GOOD START FOR
Stena Recycling's subsidiary Batteryloop has quickly taken a place in the electrification of industry and society. The company's solution for creating energy storage plants from recycled batteries is arousing considerable interest. Several business arrangements and collaborative projects have been initiated.
In early September, Batteryloop announced a global collaborative agreement with Volvo Buses. The agreement calls for Batteryloop creating energy storage plants with Volvo Buses’ used batteries. This is a sustainable solution that extends the commercial life of batteries and conserves natural resources. Local energy storage plants can be used both by industrial and commercial properties to, for example, store renewable energy that can later be used to meet peak energy demand. Surplus can be sold and supplied to the power grid.
“By giving the batteries a “second life”, we use the earth’s resources in a better way. In electromobility, we create new circular business systems and this collaboration is really a big step in the right direction,” says Håkan Agnevall, CEO, Volvo Buses.
“We are very happy and proud that Batteryloop is getting the opportunity to buy the used batteries and develop this solution together with Volvo Buses,” says Rasmus Bergström, CEO, Batteryloop. “In addition to reuse, the agreement also means that we can guarantee safe and environmentally sound recycling once the batteries are no longer capable of energy storage. Through this arrangement, we can provide a sustainable circular solution for Volvo Buses’ batteries. Collaboration also means that we can turn a cost into a revenue stream for the customer.”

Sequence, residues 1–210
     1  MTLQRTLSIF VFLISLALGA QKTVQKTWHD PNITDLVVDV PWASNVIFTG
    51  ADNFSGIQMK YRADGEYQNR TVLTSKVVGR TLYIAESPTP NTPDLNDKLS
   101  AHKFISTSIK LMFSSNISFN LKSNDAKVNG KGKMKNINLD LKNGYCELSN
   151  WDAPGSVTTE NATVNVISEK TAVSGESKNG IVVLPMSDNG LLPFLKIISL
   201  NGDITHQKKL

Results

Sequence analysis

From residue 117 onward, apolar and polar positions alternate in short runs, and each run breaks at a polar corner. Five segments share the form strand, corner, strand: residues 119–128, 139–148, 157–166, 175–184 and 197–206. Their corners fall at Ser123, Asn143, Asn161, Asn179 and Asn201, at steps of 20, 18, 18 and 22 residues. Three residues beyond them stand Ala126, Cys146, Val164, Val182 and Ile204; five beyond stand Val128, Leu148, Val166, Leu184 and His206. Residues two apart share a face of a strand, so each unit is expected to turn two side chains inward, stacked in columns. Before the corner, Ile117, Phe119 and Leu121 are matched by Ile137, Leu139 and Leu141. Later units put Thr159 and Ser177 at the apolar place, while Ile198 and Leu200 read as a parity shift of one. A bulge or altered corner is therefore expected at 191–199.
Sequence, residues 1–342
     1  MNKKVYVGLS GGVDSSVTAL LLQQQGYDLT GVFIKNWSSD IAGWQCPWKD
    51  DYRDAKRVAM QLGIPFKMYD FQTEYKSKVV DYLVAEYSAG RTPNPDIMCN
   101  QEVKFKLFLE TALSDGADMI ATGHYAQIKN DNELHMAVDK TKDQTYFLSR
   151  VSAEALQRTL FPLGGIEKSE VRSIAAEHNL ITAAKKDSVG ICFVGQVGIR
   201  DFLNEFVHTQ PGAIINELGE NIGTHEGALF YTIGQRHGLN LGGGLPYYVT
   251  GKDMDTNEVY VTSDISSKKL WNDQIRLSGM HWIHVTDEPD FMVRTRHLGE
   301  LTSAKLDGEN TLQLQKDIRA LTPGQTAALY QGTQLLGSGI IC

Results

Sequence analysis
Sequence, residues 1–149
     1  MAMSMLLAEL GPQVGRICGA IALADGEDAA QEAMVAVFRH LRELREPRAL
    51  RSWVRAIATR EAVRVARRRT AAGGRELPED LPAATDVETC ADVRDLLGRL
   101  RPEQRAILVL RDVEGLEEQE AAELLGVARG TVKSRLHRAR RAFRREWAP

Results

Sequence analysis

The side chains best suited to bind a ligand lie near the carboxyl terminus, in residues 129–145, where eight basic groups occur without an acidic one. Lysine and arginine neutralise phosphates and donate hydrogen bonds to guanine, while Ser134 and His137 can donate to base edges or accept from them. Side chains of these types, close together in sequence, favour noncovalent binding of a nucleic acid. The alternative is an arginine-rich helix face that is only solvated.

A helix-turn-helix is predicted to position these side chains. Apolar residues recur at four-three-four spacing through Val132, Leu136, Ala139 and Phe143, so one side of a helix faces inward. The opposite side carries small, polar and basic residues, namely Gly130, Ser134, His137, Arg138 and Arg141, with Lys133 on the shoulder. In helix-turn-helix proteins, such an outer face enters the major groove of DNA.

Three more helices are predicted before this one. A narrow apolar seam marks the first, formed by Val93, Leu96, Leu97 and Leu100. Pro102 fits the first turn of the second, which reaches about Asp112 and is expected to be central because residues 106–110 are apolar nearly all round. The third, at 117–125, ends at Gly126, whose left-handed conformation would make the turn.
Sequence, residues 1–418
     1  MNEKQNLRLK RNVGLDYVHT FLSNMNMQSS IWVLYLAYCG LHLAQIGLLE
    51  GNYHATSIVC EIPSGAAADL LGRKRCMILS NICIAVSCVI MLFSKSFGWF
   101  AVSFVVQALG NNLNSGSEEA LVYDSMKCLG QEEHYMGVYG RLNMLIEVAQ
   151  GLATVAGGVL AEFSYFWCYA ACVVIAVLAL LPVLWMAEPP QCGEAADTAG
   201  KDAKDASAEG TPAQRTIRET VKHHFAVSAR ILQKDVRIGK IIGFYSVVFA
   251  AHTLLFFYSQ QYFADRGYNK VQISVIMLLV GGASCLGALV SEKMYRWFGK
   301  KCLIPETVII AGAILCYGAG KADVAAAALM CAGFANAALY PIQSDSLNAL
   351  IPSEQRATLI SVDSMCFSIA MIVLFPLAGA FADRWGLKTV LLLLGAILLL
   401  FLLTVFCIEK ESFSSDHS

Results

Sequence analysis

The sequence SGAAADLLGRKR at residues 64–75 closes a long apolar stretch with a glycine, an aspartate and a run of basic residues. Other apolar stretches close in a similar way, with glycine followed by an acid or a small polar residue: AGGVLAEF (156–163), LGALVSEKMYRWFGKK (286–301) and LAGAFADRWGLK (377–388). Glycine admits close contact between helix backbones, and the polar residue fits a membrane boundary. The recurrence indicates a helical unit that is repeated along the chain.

Towards the end of September, news of a collaborative arrangement was announced with, among others, Stena Rederi and Stena Line, as well as the ports of Göteborg and Kiel. Here it is a matter of developing a solution for energy storage that works in a port environment, such as for charging future electric ferries. The project is partially financed by the EU through the innovation unit INEA (the Innovation and Networks Executive Agency).
“One thing is certain, batteries are here to stay,” says Rasmus Bergström. “To conserve natural resources and make this sustainable, we need to do everything we can to use the batteries for as long as possible. Our conclusion is that very many batteries can have a second life in energy storage. If we can find solutions that are scalable and that work in a port environment, we have a win-win situation in many ways.”
“This is an important milestone for electrification of shipping,” says Per Wimby, project manager for electrification at Stena Teknik. “The fully electric ferry Stena Elektra is on the drawing board, but to succeed we need, among other things, to solve the charging issue. Energy storage plants in port, based on recycled batteries, is a very interesting and sustainable alternative for the future.”
Batteryloop and Volvo Buses are already running a joint project, together with Stena Fastigheter, with bus batteries being used to store energy to provide electricity to the Fyrklövern residential area in Göteborg. The stored electricity comes from solar panels on building roofs.
Several new and exciting developments are underway that will be presented later in the autumn.
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